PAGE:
1. Are the playoffs the new lottery?
Anthony Calabro: Adam Silver couldn’t have scripted a better first round. The Pacers, Spurs, and Thunder are all top seeds and they’re all vulnerable. More teams need to think, “Let’s just get into the playoffs and see what happens” as opposed to “Let’s stink for the next 3 years and hope things work out.”
Daniel Christian: Sure. Any Eastern Conference team on Indiana’s side of the bracket has a real chance of making the Conference Finals. That could invaluable playoff experience for a young team like the Wizards, or groundbreaking for a team like the Hawks, who have never made the Conference Finals since their relocation. As for the Western Conference, if you’re good enough to make the playoffs, you’re probably good enough to compete with any team in the league for a single seven game series. No series seems like a safe bet this year (except Miami-Charlotte).
Angus Crawford: Contrary to the frustrations of the broken/unbalanced playoff bracket structure, there have been curve balls aplenty in the opening stanza of late-April basketball. It’s (at very least) refreshing that 10 of the first 19 games on offer have resulted in victories for the road team.
Eric Goldwein: It’s looking that way. If you get into the Eastern Conference playoffs and you don’t have to play the Heat, there’s a chance. That certainly gives teams added incentive to invest in mediocrity. The West is a different story. Though the Spurs and Thunder may be a little more vulnerable than we anticipated, they’re also playing some really freakin’ good teams in Dallas and Memphis. This might be the best Mavericks squad since the 2011 championship, and the Grizzlies, arguably, have been the top West team since Marc Gasol’s return.
Tom Sunnergren: At the moment, things sure do look wide open out East. Stew on this: The Nets had a 10-21 record when you drank champagne with your buddies on New Years Eve, and now they’re probably the second-best team in the conference. Strange days, fellas. Strange days.
2. Is LaMarcus Aldridge making the long two cool again?
Calabro: LaMarcus Aldridge is making LaMarcus Aldridge cool again. On PTI, Jason Whitlock said LA was the third best player in the NBA. Two games changed everything, apparently.
Christian: It looks like it. He’s picked the Rockets apart and has easily been the best player in the playoffs to this point. His midrange game has been absolutely lethal, and if the Rockets don’t do anything about LA’s long two barrage, they could be out sooner than expected.
Crawford: If the Rockets fall in the first round, do they make a sound? Talk about two diametrically opposed approaches to the game. LMA sourced 47.3% of his total points via the mid-range jumper this season, per NBA.com, and that penchant doesn’t seem likely to change anytime soon. Props to him for contradicting the narrative and going against the grain by latching onto long twos.
Goldwein: Oh man. The other day I went to the park just to practice my mid range, just so I could be like LA. Chances are you’ve already stumbled across all those fancy graphics (here’s one) that demonstrate just how insane Aldridge’s mid-range game has been in these playoffs. Turns out a 7-footer that can hit jumpers — even if they’re not threes — is a good asset to have on your team.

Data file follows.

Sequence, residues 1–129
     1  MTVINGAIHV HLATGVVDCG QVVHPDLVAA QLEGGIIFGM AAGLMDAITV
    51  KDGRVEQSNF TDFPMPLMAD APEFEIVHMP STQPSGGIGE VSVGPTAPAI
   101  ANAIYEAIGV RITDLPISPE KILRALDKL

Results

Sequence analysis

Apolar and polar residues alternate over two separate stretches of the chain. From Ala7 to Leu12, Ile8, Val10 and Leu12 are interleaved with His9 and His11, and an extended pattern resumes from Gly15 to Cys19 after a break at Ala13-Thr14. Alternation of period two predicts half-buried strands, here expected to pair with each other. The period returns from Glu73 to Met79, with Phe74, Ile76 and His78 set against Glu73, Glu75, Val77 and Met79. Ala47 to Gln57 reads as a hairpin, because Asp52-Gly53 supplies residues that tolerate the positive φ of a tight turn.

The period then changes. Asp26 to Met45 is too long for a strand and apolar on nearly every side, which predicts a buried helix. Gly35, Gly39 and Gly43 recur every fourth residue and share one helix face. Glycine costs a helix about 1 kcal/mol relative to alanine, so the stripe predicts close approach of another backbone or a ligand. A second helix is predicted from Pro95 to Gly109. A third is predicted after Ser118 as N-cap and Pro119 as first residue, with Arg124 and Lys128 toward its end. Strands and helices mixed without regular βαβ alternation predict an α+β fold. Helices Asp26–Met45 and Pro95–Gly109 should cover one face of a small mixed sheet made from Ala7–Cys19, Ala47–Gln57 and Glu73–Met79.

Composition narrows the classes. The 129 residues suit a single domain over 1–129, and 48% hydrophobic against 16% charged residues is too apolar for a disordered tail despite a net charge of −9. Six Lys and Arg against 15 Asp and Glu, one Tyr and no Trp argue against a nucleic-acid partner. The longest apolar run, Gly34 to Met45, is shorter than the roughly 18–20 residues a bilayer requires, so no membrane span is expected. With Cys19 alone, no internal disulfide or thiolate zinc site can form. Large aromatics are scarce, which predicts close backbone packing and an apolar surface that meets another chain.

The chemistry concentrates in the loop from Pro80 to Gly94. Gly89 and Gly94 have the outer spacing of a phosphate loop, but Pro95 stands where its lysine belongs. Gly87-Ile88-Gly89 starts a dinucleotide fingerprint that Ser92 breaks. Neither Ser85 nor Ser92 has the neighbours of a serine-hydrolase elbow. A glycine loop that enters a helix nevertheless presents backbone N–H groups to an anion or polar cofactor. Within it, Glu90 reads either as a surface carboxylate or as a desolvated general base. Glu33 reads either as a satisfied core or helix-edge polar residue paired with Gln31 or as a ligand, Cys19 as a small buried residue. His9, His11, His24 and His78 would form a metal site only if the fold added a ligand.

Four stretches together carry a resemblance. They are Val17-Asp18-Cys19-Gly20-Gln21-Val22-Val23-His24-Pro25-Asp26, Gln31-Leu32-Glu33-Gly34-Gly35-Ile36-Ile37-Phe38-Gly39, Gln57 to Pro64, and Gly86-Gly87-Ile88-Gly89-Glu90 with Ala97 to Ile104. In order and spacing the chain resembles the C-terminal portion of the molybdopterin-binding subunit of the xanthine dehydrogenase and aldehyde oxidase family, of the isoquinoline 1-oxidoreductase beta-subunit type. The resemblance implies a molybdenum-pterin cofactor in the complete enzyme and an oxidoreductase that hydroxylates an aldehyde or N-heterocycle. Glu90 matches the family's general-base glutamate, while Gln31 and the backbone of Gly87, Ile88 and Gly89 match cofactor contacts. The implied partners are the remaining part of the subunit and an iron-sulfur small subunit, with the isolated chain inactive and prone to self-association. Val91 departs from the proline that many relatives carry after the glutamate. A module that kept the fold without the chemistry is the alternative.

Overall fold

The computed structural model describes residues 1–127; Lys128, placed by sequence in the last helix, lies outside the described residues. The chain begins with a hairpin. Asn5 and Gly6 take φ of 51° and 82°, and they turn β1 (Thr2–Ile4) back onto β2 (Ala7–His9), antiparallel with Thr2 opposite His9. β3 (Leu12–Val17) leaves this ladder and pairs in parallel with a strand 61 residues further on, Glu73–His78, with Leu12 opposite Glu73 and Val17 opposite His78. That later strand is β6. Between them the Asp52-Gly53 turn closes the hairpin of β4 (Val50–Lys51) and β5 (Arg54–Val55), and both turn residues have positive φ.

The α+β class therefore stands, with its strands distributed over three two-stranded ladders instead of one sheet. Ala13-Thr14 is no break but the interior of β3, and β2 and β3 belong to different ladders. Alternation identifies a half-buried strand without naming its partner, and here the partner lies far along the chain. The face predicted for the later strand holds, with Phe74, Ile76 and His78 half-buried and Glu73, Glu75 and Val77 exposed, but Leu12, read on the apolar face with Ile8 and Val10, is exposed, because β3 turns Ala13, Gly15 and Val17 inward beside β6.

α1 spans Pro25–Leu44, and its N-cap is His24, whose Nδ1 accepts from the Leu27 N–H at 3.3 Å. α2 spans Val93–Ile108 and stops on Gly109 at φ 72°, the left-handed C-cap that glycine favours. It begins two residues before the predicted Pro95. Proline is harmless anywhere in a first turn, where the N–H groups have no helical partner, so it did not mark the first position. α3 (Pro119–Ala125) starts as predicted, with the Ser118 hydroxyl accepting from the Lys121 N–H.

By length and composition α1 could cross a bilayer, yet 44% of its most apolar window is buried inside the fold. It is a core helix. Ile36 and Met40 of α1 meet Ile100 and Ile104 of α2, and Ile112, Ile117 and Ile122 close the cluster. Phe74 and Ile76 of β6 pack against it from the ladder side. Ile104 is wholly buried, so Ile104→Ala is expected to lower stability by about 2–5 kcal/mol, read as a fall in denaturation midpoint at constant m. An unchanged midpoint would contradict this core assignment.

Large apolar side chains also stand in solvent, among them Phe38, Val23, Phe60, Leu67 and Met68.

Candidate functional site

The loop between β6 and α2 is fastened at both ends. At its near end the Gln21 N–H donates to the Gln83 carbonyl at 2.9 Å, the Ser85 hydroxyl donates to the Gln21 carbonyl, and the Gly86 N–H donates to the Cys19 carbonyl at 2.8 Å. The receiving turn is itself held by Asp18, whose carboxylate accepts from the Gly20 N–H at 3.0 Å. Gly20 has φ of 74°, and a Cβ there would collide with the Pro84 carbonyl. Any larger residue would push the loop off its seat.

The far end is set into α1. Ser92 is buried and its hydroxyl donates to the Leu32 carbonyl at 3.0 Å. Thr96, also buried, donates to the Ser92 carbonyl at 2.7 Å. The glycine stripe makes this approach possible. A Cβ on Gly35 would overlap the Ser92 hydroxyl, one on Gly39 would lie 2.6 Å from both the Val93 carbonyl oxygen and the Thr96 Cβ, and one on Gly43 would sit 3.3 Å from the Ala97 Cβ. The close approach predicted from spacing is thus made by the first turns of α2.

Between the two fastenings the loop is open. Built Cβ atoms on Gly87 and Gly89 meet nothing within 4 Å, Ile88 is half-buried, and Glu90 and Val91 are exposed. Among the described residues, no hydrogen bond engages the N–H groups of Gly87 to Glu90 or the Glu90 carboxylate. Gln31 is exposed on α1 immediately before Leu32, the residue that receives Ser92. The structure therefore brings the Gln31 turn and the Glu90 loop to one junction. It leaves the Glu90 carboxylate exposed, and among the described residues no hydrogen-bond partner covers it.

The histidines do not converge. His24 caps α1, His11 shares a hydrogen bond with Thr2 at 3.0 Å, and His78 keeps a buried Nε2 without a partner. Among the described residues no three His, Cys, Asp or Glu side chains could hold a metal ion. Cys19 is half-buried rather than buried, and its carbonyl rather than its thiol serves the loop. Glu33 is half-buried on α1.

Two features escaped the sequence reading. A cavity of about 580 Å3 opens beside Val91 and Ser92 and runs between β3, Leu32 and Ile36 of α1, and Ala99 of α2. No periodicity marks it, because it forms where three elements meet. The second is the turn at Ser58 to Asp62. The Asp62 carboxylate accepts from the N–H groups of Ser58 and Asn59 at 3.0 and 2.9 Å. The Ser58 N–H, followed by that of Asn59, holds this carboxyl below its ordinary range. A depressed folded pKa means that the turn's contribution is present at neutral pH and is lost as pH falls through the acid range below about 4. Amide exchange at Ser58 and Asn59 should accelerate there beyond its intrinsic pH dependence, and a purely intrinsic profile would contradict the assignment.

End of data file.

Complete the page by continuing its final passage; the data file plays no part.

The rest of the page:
Sunnergren: I’ve always maintained that, if a guy could drain 20 footers at a crazy rate–like a couple standard deviations above league average–he would be the coolest guy in the NBA. Taking long twos is insane–they just don’t drop often enough to justify taking them. Which is what makes taking, and making, them so cool. It’s the recklessness itself that makes them attractive. 16-23 footers are basically the cigarettes of NBA shot selection.
3. Which is the more vulnerable 1-seed, Pacers or Spurs?
Calabro: Pacers. Might have to check the analytics on this, but pre-game bouts between teammates is probably a bad thing.
Christian: The Pacers. The Spurs certainly face the more feared opponent in Dallas, who is a very legitimate threat to San Antonio’s hope of capturing consecutive Western Conference titles, but it’s hard to ignore Hibbert’s inexplicable ineffectiveness and the Pacers’ sheer inability to score at times. The Spurs emit an aura of stability and poise. The Pacers appear to lack both of those traits at the moment.
Crawford: Pacers. The meltdown in Nap Town thus far has been… uh, not pretty. Let the record show that Andrew Bynum persists as poltergeist-like locker room influence.
Goldwein: Pacers, by virtue of the series score, but don’t count out the Mavs. Dallas has outscored San Antonio by 16 points, which suggests the two-game split is hardly a fluke. The games were in San Antonio, too. Dirk isn’t going to go down without a fight.
Sunnergren: The Pacers. They suck, man.
4. Andre Miller is to basketball as ____ is to ______.
Calabro: Neil deGrasse Tyson is to Science.
Christian: Raekwon is to hip-hop.
Crawford: Richard Lewis is to stand up comedy.
Goldwein: Seinfeld is to Fox.
Sunnergren: Eric Goldwein is to Hoop76.
5. Evan Turner and Lance Stephenson — who reportedly fought each other before game two — face off in a Billy Madison-esque, basketball-centric decathlon. Who wins?
Calabro: Evan Turner wins by default as Lance Stephenson gets into a road rage incident on the way to the contest.
Christian: Stephenson, but only because he pulls a boot out of a pot of boiling chemicals.
Crawford: Lance Stephenson triumphs, if only because Evan Turner is beginning to remind me of “The Puppy Who Lost His Way.”
Goldwein: Stephenson wins, but then he gives the company to Luis Scola.
Sunnergren: Lance Stephenson. I couldn’t imagine Evan Turner winning a game of cards at this point.